Timber hauling bill moves ahead despite road damage concerns

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U.S. Department of Agriculture

A truck hauling timber.

A proposal to increase the weight limit for hauling timber and other farm products, which has quietly emerged as one of the most controversial issues in the legislative session, remains alive after House action.

After about an hour of debate on Tuesday, the House passed Senate Bill 2418, which would increase the weight limit tolerance for harvest permit vehicles and vehicles loading and unloading at state ports. The Senate passed the bill in February. It would take effect July 1.

Transportation and local officials say that the bill, designed to add more leeway for trucks to haul heavier loads in Mississippi,  could further damage the state’s already vulnerable roads. Backers of the bill said it would be a boon to truck drivers and companies that make agricultural products.

Larrison Campbell, Mississippi Today

Rep. Michael Ted Evans, D-Preston

Rep. Michael T. Evans, D-Preston, described the proposal as a “working man’s bill” and said letting trucks haul more materials would also put fewer trucks on the road.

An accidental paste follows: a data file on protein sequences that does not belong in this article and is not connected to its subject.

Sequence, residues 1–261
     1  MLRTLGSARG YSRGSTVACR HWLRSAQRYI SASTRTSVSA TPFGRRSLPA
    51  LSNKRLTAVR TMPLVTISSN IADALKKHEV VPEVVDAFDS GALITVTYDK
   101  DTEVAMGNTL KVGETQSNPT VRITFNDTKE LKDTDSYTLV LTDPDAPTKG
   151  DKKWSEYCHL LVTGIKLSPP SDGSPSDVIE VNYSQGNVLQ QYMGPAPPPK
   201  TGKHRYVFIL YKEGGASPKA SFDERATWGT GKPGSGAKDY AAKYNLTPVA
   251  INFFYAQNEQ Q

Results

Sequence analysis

“We have to support our industries, and we need to support our truckers and make sure they’re making a living,” Evans said.

The dispute centers on state-issued harvest permits, which cost $25 and are issued to owners and operators of vehicles that haul specific materials, such as sand, gravel, agricultural products and unprocessed forestry products. The Mississippi Department of Transportation issues more than 160,000 “overdimensional” permits for oversize and overweight commercial vehicles every year, which includes harvest permits.

MDOT allows trucks to haul 80,000 pounds on all roads and 84,000 pounds with a harvest permit; these rules do not apply to roads designated low weight.

Right now, those hauling trucks are not allowed to weigh more than 80,000 pounds – or 40,000 pounds on each end on the truck – and there is a 5 percent tolerance above that weight on each axle, which is often within a set of wheels. This leaves room for another 2,000 pounds on either end.

Should any product shift around while a truck is on the road, the bill would allow the tolerance for each axle to increase. The bill proposes raising that tolerance to 10 percent, allowing up to 4,000 pounds on each end instead of 2,000 pounds.

During floor debate, several lawmakers said their local officials opposed the legislation citing already crumbling infrastructure throughout the state and the Legislature’s failure to pass a substantive roads maintenance package.

Rep. Bob Evans, D-Monticello, questioned the role of axles to keep weight evenly distributed on a truck.

“You are going to have a whole lot of weight on a much smaller pavement area by increasing the weights on these pull axles. That’s the problem. That’s why we have multi-axles, isn’t it? To spread the weight out. … Now you’re asking us to spread the weight out without adding axles, so it’s going to be destructive to our already crumbling highways, right?”